by Ethan Paquet
Eddie LeMoine is an expert on employee engagement, changing demographics, diversity, and performance development. He recently spoke about the ways to become an effective leader to help engage the workforce at the Atlantic Canada Aerospace & Defence Association (ACADA) Sea to Sky Conference in Charlottetown.
“To be an effective leader, there has to be clarity on what you are trying to achieve, and what individuals are able to do to help you achieve it.”
Eddie says there are three key components that make a person an effective leader. “The number one thing a leader needs to have, particularly right now, is empathy. They need to take a look at things from other people’s perspective.”
During the pandemic, empathy has also meant offering a certain amount of flexibility. “It is important to have flexibility with the way people work and how they interact with employees and with others. There needs to be some level of empowerment.”
Before the pandemic, office equipment was typically provided to workers at the employer’s expense. But now we have entered a state of work where employees are unexpectedly responsible for building their own home office, Eddie says.
“We have asked employees to work from home, but it is important to also empower them with the things they need to succeed. If working from home is going to go on for any length of time, we have to figure out how to give people the tools they need, and to feel comfortable and supported in their work.”
The third key to an effective leader is trust and truthfulness. “One of the things that drives lack of trust is lack of communication,” Eddie says. “We have to be very clear on what we’re doing, where we’re going, and what we know.”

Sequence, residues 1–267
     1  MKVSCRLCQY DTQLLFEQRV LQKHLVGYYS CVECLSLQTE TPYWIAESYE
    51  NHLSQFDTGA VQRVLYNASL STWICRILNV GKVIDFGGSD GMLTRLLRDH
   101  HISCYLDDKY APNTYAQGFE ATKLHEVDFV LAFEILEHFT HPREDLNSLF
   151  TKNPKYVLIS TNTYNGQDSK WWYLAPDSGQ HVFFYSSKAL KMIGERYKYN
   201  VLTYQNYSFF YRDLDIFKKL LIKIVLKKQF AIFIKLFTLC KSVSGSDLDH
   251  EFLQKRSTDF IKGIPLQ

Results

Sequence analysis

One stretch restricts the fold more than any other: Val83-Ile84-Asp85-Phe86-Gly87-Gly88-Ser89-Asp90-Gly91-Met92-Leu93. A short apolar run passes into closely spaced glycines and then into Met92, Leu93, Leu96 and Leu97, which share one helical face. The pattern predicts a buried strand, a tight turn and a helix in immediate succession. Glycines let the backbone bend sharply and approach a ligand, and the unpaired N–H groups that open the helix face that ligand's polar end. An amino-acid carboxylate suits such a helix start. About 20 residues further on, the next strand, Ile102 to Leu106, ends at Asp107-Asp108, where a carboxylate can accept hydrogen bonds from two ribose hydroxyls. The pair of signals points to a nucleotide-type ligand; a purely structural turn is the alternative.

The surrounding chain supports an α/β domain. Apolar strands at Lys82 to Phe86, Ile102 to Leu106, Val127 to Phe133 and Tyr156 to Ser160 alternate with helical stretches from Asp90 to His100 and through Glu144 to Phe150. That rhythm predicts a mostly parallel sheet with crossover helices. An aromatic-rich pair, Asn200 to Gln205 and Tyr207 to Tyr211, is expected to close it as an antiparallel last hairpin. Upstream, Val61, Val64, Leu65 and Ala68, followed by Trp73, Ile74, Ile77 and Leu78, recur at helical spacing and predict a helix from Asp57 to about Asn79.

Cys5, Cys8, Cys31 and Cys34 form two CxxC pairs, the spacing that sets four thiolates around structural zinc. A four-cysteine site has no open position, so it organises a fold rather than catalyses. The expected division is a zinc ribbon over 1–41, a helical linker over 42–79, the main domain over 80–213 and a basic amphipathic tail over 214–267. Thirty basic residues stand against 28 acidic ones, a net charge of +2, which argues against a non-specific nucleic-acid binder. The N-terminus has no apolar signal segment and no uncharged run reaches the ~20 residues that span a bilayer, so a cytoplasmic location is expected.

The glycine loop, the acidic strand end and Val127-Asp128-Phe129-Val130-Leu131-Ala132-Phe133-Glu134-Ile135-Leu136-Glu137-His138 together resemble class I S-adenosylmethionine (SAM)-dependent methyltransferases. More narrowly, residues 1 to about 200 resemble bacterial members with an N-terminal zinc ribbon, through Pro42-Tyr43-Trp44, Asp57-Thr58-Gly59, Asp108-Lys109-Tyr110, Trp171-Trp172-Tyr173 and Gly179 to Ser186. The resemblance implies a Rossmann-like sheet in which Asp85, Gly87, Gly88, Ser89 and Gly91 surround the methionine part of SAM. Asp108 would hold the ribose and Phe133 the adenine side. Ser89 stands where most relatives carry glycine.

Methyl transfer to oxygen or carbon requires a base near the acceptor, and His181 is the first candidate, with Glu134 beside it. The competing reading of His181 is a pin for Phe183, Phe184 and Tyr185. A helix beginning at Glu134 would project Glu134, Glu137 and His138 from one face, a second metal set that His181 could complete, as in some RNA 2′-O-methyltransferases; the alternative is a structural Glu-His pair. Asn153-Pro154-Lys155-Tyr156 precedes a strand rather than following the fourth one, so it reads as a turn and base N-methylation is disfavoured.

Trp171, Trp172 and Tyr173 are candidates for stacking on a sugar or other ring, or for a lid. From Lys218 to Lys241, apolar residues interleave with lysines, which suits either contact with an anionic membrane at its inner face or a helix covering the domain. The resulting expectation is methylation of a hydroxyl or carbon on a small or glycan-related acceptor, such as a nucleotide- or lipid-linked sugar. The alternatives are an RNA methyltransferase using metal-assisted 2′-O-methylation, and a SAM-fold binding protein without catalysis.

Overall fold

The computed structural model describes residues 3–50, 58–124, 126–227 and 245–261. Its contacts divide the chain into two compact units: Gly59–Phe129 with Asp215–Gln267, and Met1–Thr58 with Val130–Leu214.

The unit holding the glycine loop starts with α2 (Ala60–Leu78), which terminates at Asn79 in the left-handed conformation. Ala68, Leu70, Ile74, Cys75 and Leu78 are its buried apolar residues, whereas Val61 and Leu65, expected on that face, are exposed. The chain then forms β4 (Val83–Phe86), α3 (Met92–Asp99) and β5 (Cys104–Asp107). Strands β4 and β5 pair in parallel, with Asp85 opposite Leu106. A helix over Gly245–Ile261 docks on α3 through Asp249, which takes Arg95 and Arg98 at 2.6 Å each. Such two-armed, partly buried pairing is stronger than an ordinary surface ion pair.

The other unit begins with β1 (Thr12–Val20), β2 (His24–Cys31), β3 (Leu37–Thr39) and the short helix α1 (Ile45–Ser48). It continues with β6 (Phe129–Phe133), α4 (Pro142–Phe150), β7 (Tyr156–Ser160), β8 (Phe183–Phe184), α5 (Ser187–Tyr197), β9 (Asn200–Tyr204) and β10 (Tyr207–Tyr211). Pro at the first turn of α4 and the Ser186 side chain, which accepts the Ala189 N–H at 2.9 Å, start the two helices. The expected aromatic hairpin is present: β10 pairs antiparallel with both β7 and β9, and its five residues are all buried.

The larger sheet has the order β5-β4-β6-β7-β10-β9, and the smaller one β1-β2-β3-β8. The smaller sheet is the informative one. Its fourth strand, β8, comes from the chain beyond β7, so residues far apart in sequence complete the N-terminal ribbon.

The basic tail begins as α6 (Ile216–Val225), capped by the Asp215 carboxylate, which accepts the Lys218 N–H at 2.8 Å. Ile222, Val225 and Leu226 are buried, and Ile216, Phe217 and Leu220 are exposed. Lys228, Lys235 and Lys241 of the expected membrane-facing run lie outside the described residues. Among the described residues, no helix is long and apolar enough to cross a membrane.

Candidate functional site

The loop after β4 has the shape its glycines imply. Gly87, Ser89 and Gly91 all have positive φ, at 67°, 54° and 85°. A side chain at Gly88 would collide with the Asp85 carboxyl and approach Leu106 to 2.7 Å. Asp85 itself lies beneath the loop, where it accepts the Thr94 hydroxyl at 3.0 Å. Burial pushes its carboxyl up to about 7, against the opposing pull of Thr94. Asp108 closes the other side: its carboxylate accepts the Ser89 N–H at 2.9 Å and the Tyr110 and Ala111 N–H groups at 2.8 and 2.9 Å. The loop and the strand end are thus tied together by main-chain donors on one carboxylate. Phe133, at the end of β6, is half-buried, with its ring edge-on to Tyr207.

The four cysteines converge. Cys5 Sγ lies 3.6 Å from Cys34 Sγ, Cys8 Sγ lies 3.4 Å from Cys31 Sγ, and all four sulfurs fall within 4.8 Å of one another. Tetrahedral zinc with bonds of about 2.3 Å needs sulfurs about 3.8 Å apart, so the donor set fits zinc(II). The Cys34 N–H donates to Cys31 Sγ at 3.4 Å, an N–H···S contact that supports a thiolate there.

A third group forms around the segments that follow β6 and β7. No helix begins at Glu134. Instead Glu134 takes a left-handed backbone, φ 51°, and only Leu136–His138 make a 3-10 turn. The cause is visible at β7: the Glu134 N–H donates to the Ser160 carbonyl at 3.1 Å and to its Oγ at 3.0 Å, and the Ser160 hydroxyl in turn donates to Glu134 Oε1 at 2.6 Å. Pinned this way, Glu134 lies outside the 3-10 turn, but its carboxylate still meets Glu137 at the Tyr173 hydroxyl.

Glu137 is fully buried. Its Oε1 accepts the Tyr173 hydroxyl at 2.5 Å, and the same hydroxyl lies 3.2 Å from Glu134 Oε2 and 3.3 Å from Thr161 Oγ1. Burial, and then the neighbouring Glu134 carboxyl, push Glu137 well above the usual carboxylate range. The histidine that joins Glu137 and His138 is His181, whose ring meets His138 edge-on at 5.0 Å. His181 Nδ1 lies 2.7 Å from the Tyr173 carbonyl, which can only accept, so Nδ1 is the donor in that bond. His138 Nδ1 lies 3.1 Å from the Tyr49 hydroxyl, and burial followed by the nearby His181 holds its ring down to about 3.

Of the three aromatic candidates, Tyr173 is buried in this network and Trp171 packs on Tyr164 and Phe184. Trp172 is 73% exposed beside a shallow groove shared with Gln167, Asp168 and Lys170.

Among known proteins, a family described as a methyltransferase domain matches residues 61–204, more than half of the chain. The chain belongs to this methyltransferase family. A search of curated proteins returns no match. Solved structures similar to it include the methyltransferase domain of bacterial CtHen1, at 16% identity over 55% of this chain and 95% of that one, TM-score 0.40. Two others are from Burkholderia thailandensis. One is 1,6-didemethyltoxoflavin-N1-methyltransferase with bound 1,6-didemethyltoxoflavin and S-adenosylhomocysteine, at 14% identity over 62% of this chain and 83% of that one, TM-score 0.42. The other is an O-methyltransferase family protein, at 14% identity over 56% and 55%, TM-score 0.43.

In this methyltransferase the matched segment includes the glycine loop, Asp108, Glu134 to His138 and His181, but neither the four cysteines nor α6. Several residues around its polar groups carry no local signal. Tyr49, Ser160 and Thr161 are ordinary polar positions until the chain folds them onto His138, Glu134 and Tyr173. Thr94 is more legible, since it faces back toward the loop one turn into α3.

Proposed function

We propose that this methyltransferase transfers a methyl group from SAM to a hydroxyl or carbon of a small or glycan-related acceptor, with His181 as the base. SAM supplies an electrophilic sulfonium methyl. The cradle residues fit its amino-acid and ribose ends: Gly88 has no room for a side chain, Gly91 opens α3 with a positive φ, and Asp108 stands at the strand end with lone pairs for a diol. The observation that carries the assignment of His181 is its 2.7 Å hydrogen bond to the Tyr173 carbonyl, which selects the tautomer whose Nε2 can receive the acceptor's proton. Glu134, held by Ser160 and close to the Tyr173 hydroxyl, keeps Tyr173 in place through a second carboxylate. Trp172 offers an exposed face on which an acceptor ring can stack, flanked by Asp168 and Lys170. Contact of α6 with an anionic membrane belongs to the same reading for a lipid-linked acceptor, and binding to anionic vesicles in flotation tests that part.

He estimates that 90 percent of employees score low on engagement. “You have to communicate more with people during the pandemic than you did before. You have to get to know the people you work with.”
When getting to know your employees, Eddie says the main categories to focus on are gender, culture, and age.
“Prior to the pandemic, 54 percent of the workforce were women, and there were more women managers in Canada than men. All genders communicate differently. We have different values and communication styles, and there needs to be respect and great communication with each other.”
He says the younger generation is starting families later in life and having fewer children, so labour market growth will need to come from immigration. “We have become a super-diverse country, so we need to become comfortable in communicating across different cultures.”
Eddie stressed that while it may be challenging having multiple generations in the same workplace, we need to be asking how we can leverage the strengths each generation brings to the table.
“One way is to have the Baby Boomer generation mentor the younger generations and share the skills and knowledge they picked up over their long careers. And in reverse, the younger generation can assist the older generation with the constant technology shifts.”
The key to closing the engagement gap will come when you know the people in your organization, you motivate them to give an honest day’s work, and you inspire them to stay with your organization.
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